Top Houston Chef Writes Her First Cookbook and It’s Spicy — Pondicheri’s Anita Jaisinghani On Masala
The Power of Indian CookingBY Shelby Hodge // 09.08.22
Drinks and desserts are featured in one section of the 'Masala' cookbook.(Photo by 2022 Johnny Autry)
Pondicheri chef Anita Jaisinghani (Photo © 2022 Johnny Autry)
Freshly ground spices take the lead in Pondicheri chef Anita Jaisinghani's inaugural cookbook, 'Masala.' (Photo by Johnny Autry)
Freshly ground spices take the lead in Pondicheri chef Anita Jaisinghani's inaugural cookbook, 'Masala.' (Photo by Shelby Hodge)
Pondicheri chef Anita Jaisinghani's recipe for Kerala Crawfish Stew in her cookbook, 'Marsala.' (Photo © 2022 Johnny Autry)
The rice section opener for Pondicheri chef Anita Jaisinghani's cookbook 'Masala.' (Photo © 2022 Johnny Autry)
Anita Jaisinghani has been sharing the love of her native Indian food with Houstonians for two decades beginning with her award-winning restaurant Indika and continuing with her wildly successful Pondicheri Restaurant and Bake Lab + Shop. This month, she takes on a wider audience with publication of her first cookbook Masala, Recipes from India, the Land of Spices. (Ten Speed Press.)
This is no ordinary cookbook. Jaisinghani introduces the world of Indian food through spices as she weaves her recipes and accompanying eloquent observations across the pages. Masalas she writes in explanation are “the secret weapon of Indian kitchens to be deployed as needed” and “are quite simply a blend of spices and seasonings.”
Before providing recipes, the respected Houston chef dedicates 90 pages to astute observations on the emotions and energy of food, a detailed study with charts of the spices inherent in her recipes, discussions on the necessary ingredients of Indian cooking and a step-by-step instruction in making curry.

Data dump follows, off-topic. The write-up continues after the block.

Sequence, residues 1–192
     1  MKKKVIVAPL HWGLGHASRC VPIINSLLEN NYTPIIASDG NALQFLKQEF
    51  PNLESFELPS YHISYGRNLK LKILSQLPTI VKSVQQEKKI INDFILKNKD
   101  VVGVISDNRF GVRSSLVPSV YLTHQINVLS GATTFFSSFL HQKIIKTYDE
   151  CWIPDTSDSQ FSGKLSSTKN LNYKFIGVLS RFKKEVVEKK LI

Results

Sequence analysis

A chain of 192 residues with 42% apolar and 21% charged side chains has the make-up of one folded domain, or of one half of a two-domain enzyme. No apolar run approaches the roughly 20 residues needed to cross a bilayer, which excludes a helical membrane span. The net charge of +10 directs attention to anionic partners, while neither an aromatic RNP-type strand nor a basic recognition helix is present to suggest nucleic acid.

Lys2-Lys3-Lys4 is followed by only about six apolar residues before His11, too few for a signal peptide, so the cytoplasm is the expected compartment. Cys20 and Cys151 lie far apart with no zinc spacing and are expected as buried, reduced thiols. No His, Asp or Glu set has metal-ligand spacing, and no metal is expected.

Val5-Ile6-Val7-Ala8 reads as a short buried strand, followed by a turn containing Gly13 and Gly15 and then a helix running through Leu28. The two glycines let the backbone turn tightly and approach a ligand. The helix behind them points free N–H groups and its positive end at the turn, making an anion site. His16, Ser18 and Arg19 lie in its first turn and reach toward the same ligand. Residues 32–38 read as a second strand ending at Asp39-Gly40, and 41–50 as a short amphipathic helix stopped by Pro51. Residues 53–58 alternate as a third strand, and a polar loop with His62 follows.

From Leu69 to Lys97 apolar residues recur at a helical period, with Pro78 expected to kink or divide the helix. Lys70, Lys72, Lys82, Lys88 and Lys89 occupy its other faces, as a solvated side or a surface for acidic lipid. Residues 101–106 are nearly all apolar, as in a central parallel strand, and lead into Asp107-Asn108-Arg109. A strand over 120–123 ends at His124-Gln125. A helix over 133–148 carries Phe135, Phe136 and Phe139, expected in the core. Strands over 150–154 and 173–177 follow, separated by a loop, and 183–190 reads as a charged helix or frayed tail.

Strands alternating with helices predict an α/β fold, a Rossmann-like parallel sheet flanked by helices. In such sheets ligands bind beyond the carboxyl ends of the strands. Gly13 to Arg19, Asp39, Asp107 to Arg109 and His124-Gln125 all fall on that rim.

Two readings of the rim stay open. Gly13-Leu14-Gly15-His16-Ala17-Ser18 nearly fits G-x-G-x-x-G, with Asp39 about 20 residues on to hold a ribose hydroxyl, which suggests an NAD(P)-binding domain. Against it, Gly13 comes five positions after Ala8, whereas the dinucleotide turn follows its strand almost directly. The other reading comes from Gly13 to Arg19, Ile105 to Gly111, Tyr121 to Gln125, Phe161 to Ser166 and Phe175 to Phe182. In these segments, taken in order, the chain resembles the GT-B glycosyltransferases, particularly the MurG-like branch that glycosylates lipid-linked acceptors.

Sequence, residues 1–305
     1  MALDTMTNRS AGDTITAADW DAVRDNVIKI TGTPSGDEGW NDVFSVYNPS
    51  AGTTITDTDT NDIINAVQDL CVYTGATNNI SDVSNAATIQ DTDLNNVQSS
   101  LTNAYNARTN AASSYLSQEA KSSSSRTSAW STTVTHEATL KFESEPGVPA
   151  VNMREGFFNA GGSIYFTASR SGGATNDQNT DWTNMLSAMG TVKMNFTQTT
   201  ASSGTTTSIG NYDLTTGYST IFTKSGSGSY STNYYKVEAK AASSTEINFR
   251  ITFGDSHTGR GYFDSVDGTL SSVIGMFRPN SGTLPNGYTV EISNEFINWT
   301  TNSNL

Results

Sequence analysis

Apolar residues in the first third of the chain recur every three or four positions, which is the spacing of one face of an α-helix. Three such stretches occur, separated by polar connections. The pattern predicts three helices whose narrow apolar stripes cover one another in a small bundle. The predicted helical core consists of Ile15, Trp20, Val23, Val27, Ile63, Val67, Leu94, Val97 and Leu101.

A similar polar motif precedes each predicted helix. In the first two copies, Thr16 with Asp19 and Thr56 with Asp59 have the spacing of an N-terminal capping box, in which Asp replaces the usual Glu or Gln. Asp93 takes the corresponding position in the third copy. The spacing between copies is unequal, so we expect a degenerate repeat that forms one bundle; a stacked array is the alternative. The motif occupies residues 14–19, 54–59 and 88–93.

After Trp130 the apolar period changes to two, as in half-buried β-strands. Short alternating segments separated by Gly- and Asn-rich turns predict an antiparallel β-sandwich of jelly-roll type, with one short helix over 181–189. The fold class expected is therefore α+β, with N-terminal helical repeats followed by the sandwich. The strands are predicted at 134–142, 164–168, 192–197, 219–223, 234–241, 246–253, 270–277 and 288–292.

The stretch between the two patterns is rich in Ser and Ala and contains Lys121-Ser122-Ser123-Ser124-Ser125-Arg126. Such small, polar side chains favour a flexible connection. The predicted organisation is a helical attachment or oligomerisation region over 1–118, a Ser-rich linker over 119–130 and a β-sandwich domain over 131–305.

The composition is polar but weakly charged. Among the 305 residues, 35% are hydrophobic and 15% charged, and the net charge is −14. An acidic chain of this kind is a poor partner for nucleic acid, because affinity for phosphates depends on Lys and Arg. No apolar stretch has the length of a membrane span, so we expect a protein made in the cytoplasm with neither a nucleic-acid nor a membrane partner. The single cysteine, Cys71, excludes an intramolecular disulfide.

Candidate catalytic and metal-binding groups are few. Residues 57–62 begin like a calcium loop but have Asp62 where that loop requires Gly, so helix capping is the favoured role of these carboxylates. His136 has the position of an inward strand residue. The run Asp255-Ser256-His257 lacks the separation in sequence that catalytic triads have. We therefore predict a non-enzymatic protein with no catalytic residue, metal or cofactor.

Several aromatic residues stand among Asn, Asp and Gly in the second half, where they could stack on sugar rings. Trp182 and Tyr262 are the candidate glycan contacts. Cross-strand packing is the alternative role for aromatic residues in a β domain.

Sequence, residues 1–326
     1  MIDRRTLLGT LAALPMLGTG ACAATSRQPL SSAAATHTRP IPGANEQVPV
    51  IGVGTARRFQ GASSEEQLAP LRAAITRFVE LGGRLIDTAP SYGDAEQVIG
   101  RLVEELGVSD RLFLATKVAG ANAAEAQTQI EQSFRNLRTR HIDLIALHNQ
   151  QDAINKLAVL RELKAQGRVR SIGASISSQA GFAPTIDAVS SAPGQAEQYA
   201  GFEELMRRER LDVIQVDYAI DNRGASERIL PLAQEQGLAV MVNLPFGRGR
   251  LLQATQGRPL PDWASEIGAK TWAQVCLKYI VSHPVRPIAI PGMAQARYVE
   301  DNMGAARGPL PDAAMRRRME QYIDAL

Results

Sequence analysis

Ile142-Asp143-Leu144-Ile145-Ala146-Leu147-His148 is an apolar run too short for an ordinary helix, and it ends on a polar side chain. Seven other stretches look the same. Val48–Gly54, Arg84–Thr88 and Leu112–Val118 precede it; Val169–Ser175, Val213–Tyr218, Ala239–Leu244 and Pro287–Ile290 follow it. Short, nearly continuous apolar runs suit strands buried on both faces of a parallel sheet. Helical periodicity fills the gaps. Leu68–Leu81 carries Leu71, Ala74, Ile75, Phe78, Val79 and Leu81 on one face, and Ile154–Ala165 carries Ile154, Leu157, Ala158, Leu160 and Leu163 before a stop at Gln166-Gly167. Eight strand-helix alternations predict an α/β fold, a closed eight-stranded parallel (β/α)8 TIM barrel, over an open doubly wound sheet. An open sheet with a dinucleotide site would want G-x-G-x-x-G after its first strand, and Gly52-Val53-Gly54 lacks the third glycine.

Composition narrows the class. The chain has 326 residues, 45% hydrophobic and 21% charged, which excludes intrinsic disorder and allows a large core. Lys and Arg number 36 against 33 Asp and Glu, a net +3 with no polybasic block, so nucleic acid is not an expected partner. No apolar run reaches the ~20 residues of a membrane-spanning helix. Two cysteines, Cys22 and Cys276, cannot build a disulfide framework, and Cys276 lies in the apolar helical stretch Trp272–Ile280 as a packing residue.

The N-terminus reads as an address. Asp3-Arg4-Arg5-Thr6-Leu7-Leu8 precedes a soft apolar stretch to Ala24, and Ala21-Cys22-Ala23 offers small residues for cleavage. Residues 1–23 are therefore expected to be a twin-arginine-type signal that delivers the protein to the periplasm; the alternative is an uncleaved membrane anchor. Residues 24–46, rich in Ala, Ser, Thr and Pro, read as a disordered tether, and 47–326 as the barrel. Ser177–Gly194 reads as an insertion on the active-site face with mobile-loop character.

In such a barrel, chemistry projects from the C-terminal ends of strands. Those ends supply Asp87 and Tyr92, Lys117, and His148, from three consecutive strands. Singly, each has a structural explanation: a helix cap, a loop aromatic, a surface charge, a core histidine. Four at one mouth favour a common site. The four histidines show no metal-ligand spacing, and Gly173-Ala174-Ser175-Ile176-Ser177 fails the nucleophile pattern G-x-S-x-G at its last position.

“I didn’t really want to do a cookbook because I feel there are so many books out there,” Jaisinghani tells PaperCity. “They all have these recipes and everybody has a viewpoint. But India is a very significant country when thinking about the cuisines of the world because the spices from India cover the entire world.”
Jaisinghani presents her collection of recipes along with the fascinating histories and detailed preparation instruction in the new book. They are dishes that can be produced at home without stress, some from Pondicheri, some from her cooking classes, and some from her home cooking. Jaisinghani relishes cooking at home almost every day, which is unexpected of a chef/restaurant owner.
“I want my books to be timeless so I tried to make the book really well rounded,” she says. “So I had a bit of history of India, some details on spices, and I had a bit of pastry and a bit of Ayurveda that most people find really confusing and kind of baffling.
“But it’s not. It’s really a simple guide on how to live.”
One of Jaisinghani’s goals with the book is to broaden the appeal of spices. She says one doesn’t have to cook Indian food but learning about the spices presents unlimited culinary possibilities.
Her golden rule of employing spices is use only the freshest. Shop at Indian stores where there is consistent turnover, she advises.
“I feel like you must always buy your spices whole and ground them yourself, not those jars sitting in the cabinet for four or five years. I see these big trophy kitchens and the spices are in jars,” Jaisinghani declares with disapproval.
Jaisinghani recommends that beginners start with four basic spices — tumeric, chili powder, black pepper, cumin and coriander and then add a few aromatics such as cardamom, cinnamon, cloves. Of these, tumeric and chili power are the only pre-ground that she buys. When using the coffee grinder at home, the chef does a mere half cup or less at a time insuring freshness whenever she cooks.
Readers will find those spices prevalent in a full variety of recipes in sections that feature street foods, rice dishes, breads, vegetables, pancakes and eggs, drinks and desserts, and recipes for a full array of Indian condiments.
Masala is just the start for Jaisinghani.
“I feel like I have found a bit of a voice and I want to explore that more, so more books and more writing,” she says of what is clearly a talent. Her publisher is pleased that Masala, only in its first few weeks, out is off to great start.
Currently, Jaisinghani is working on several book ideas as well as a number of products including dry masalas, sauces and snacks.
Masala is available at Pondicheri and on Amazon.